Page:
was ERalpha negative. Stromal tissue in the excurrent ducts was
also ERalpha positive. Using 3H-estradiol autoradiography, specific
binding of estradiol was seen in nuclei of ductuli efferentes.
ERalpha mRNA expression was greatly enhanced in ductuli efferentes
compared to other regions of the male tract and was 3.5 times
greater than in uterus. For comparison, the presence of ERß
was determined using reverse transcription-polymerase chain reaction
(RT-PCR) amplification. ERßmRNA was expressed throughout
the male tract and in prostate. These results indicate that all
organs in the male excurrent ductal system of the rat express
ERa and are potential targets of estrogen. However, the ductuli
efferentes are the site of most intense ERa expression. The role
of ERß remains to be determined, but its expression appears
ubiguitous in the male tract. References
Stem cell biology
Our stem cell research came about through a discovery at Washington University School of Medicine in St. Louis. Dr. Ken Murphy at Wash U discovered that knocking out a transcription factor, Etv5 (from the PEA-3 family), led to male infertility and through collaboration we were able to demonstrate that this factor was specific for the Sertoli and spermatogonial stem cells during the first wave of spermatogenesis and is responsible for stem cell self renewal. This study was first published in Nature 436:1030 and subsequent studies have been in collaboration with Dr. Marie-Claude Hofmann and Dr. Paul S. Cooke. Through both basic and applied research, we seek a better understanding of structure and function of the male reproductive tract and improvements in reproductive and endocrine health.
Testicular and efferent ductule effects of carbendazim (methyl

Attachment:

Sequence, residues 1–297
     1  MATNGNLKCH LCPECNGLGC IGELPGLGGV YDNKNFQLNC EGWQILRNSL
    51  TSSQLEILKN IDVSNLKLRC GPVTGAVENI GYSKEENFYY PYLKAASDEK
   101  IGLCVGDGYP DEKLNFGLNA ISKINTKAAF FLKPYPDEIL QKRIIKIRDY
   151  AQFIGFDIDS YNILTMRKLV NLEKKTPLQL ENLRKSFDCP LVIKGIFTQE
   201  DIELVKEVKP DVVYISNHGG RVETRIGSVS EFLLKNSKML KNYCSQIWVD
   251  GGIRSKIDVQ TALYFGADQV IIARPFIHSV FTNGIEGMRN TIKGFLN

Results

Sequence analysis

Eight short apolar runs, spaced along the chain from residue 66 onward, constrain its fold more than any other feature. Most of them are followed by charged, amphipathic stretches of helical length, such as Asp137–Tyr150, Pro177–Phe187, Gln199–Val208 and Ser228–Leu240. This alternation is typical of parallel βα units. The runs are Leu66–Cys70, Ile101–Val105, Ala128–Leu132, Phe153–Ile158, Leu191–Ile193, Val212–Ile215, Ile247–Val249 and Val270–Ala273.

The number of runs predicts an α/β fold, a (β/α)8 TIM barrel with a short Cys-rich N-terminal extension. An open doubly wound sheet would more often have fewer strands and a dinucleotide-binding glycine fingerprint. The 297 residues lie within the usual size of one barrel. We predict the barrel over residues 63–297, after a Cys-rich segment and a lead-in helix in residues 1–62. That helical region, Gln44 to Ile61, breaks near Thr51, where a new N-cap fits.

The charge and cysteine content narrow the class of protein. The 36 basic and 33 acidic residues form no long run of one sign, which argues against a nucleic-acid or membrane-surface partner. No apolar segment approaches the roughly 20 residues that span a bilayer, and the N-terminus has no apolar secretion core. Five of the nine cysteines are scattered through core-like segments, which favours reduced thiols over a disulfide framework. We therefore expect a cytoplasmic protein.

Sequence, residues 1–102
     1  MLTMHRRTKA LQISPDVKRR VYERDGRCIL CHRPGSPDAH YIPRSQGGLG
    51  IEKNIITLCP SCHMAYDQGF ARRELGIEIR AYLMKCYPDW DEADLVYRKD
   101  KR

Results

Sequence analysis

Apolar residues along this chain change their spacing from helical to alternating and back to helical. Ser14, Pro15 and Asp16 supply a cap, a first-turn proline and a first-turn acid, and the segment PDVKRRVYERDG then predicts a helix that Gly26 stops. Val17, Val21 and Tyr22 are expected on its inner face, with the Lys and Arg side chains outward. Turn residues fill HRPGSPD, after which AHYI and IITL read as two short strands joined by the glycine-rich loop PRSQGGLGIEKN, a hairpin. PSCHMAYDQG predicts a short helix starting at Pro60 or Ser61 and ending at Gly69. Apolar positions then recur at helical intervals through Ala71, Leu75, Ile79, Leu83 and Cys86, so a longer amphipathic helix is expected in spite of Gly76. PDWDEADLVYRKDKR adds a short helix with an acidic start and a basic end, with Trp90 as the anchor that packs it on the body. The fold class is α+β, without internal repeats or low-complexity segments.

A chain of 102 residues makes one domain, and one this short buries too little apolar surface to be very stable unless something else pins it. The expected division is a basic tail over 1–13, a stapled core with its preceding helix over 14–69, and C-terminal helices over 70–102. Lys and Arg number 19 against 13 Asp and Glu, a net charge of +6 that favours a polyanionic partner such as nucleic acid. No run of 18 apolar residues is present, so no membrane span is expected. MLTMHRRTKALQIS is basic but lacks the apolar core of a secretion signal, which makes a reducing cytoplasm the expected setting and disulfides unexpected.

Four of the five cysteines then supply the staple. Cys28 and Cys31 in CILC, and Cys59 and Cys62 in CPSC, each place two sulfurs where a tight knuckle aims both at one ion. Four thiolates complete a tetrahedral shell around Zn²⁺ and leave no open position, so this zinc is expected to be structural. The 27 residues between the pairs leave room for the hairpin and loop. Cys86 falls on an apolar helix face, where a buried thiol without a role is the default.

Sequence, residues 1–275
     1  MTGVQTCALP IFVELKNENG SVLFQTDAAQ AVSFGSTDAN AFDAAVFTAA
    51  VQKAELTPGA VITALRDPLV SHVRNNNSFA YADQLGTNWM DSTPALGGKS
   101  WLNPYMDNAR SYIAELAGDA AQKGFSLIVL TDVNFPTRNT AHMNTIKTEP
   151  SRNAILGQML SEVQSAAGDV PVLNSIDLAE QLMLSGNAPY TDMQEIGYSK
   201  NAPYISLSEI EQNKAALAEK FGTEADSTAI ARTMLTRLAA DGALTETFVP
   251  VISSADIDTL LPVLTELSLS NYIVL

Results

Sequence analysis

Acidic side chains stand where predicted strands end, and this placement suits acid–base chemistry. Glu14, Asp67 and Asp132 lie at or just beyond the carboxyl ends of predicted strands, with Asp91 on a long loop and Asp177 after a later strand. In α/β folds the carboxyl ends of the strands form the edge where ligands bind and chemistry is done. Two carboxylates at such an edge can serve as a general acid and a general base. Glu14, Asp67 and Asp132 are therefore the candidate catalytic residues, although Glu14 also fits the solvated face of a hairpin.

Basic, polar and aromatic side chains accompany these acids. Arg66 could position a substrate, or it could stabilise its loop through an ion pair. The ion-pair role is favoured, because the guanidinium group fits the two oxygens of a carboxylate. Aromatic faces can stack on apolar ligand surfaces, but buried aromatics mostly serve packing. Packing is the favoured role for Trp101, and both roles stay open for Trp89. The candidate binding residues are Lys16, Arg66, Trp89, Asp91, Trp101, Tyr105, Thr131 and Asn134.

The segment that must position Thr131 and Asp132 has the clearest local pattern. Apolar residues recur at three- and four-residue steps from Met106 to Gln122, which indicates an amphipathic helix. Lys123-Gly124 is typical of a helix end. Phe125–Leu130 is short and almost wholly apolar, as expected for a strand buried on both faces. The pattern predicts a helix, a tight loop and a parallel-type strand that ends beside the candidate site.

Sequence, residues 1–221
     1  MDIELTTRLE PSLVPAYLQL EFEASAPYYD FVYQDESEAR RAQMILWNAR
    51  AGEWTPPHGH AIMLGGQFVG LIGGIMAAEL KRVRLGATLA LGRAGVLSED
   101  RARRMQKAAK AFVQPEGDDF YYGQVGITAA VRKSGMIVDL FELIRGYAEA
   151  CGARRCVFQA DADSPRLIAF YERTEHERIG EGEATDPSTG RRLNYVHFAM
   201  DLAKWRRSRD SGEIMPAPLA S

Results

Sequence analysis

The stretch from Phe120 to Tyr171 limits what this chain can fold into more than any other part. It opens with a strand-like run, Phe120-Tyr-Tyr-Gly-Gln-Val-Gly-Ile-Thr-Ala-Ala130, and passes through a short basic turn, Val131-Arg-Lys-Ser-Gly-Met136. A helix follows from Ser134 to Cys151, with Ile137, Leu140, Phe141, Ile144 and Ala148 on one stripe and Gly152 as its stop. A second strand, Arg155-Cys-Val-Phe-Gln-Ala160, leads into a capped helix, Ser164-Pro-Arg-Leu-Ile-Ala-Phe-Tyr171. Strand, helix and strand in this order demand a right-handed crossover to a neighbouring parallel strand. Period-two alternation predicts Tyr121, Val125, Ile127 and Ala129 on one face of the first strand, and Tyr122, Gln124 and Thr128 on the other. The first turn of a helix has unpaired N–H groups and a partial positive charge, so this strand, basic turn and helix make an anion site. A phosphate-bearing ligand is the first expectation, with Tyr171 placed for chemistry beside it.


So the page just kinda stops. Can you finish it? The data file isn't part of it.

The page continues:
2-benzimidazole carbamate), a metabolite of the fungicide benomyl,
were determined in the adult rat after a single exposure. Effects
were first seen beginning at 8 h post-exposure as an increase
in testis weight; then decreases in testicular spermatid numbers,
epididymal sperm reserves, and in the percentage of morphologically
normal cauda sperm. Significant testicular and efferent ductal
alterations occurred in animals treated with dosages of 100 mg/kg
or greater. A dose-dependent increase in testicular weight at
2 days post-treatment was accompanied by increases in seminiferous
tubular diameter, and excessive loss of immature germ cells in
a stage-dependent manner. There was also a dose dependent increased
incidence of occlusions in the efferent ductules. The occluded
ductules were characterized by severe inflammation and epithelium
disorganization. At 70 days post treatment, there were dose-dependent
decreases in mean testis weight and mean seminiferous tubular
diameter. Only minimal long-term effects were seen at 50 mg/kg.
In testes exhibiting greater than 25% seminiferous tubular atrophy
(100 mg/kg or greater dosages), 100% of the testes were associated
with efferent ductules containing occlusions and the caput sperm
numbers were significantly reduced. Occlusions, abnormal ductules,
fibrosis, spermatic granulomas and mineralizations were observed
in the ductuli efferentes. Long-term effects of carbendazim on
the testis were induced primarily by the ductal occlusions. Carbendazim
effects on the male reproductive system were found to be more
severe than those produced by the fungicide benomyl.